This site requires that you enable Javascript to function properly Scholten Japanese Art | Suzuki Harunobu | Amusements at an Archery Gallery | Highlights of Japanese Printmaking Part 4 Shunga
Scholten Japanese Art Gallery
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Suzuki Harunobu, Amusements at an Archery Gallery

Suzuki Harunobu, ca. 1724-1770

Amusements at an Archery Gallery

from an untitled series; the young woman holds her sleeve to her chin in a gesture of embarrassment or hesitation as he draws her closer in order to kiss, she obligingly reaches between his legs in spite of her coy demeanor, to the left is an arrangement of autumnal flowers in a tokonoma, and to the right is a black lacquer container holding several arrows, ca. 1769-71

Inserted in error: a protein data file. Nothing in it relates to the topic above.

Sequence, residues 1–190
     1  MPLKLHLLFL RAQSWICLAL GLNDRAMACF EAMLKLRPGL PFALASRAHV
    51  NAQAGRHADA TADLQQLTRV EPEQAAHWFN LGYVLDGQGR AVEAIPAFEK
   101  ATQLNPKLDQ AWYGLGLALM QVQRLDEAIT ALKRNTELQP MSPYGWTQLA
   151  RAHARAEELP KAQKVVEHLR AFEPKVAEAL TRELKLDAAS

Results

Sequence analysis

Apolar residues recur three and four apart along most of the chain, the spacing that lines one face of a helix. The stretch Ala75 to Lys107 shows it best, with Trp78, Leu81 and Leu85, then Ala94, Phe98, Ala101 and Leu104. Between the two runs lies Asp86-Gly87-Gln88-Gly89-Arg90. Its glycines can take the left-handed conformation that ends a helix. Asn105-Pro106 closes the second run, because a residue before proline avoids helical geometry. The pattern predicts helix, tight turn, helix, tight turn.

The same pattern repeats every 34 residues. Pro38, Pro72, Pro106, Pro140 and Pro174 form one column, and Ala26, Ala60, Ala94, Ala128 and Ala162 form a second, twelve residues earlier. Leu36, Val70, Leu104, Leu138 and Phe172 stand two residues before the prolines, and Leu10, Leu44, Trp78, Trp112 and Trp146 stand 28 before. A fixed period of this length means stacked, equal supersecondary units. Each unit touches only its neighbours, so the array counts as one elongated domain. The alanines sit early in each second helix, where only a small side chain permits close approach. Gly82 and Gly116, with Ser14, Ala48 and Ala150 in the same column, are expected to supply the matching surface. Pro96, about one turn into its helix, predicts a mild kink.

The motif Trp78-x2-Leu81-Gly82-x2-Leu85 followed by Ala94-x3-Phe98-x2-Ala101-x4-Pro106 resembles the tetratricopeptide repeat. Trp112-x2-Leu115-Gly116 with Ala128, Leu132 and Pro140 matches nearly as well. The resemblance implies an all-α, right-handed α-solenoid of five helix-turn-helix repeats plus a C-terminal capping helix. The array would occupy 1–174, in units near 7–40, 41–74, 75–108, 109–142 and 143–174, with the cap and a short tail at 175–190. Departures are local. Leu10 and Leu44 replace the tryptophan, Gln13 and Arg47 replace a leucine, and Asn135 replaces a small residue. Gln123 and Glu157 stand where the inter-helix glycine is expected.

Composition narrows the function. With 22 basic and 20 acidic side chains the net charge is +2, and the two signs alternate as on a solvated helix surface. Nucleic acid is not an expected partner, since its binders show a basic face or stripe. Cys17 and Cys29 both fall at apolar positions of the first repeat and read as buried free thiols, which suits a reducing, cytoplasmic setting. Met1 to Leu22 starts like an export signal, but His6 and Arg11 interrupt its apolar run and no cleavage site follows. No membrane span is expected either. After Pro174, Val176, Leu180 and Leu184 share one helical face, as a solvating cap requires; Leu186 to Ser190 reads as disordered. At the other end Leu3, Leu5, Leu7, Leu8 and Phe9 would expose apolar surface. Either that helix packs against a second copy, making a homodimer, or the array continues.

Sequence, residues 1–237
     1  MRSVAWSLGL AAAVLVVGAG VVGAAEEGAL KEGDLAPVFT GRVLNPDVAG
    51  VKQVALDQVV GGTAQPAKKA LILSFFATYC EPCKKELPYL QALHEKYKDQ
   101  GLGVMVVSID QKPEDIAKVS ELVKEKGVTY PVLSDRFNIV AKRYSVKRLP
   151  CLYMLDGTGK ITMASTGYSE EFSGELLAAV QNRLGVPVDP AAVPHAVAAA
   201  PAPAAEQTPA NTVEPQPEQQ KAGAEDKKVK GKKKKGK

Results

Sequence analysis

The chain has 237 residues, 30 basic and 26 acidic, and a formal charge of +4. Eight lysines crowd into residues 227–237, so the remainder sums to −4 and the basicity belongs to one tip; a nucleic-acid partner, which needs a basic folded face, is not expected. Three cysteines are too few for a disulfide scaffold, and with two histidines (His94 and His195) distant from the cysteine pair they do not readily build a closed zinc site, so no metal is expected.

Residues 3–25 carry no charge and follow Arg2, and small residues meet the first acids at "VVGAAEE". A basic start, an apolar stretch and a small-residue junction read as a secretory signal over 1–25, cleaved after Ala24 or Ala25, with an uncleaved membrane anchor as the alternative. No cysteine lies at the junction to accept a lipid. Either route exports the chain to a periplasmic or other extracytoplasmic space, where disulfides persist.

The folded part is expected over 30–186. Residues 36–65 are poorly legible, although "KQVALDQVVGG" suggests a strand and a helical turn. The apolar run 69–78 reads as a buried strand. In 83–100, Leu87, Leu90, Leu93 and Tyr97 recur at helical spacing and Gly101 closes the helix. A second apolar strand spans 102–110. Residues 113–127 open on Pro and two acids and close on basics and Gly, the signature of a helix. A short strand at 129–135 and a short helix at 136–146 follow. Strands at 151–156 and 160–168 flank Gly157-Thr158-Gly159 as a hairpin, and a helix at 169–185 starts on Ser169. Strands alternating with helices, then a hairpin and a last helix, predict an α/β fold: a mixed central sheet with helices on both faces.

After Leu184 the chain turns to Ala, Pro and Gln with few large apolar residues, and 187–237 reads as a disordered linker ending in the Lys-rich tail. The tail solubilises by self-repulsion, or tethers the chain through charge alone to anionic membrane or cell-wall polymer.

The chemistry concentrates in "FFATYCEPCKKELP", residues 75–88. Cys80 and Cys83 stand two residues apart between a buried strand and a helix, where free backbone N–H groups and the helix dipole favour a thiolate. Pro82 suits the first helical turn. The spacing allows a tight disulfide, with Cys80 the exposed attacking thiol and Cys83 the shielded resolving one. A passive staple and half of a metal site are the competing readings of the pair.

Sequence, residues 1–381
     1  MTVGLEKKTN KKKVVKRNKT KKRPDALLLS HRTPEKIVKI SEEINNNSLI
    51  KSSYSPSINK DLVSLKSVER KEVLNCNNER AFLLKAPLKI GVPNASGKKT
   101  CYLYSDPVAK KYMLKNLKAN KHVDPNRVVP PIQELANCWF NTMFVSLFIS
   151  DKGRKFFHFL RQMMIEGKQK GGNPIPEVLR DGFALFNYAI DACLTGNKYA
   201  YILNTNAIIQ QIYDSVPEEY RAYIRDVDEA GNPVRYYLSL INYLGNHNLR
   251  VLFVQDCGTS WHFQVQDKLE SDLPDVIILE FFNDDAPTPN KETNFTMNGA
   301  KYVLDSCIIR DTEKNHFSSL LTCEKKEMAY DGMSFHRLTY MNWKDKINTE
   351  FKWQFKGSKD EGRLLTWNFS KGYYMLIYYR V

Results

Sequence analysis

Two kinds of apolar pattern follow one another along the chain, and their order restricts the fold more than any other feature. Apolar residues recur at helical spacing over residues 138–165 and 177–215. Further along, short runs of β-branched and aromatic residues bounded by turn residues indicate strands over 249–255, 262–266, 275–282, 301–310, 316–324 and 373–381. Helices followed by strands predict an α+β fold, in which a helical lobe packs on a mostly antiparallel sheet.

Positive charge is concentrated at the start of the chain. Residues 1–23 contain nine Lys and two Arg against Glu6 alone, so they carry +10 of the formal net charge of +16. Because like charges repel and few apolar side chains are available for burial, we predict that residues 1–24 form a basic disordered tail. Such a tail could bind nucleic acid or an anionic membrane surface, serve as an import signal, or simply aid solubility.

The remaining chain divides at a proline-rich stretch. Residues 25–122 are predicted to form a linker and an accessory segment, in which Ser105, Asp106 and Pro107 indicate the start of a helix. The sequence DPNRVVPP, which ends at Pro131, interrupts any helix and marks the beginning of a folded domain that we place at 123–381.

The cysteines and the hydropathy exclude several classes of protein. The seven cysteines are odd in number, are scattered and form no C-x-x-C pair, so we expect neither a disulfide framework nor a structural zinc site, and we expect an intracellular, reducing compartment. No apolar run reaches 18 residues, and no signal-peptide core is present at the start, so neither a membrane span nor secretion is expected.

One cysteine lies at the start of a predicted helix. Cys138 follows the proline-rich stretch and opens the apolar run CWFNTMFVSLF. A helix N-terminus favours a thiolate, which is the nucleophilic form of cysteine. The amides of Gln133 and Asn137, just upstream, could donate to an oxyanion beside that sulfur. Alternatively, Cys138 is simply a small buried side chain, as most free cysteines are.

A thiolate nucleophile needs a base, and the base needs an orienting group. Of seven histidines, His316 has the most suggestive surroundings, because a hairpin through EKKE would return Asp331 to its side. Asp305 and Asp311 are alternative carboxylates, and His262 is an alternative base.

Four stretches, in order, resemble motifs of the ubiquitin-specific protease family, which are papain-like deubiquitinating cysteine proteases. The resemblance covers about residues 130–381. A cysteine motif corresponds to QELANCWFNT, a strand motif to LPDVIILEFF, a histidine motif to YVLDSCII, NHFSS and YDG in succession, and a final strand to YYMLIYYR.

chuban yoko-e 8 1/8 by 11 1/4 in., 20.7 by 28.5 cm

The container of arrows suggest this is a private room at a yaba (or yokyuba), a public archery gallery. Similar to restaurants, teahouses and other locations for popular amusements, yaba were often fronts for prostitution and saiken (guidebooks) were produced in order to navigate their various merits and offerings. This young lady was likely a waitress or geisha sent to entertain a customer with her shamisen. The untidy tray with overturned sake cup, remains of a snack, and chopsticks askew suggest that he has been enjoying her company and solicited her for additional pleasures.

Reference:
Shirakura, Eiri shunga ehon mokuroku, 2007, p. 228

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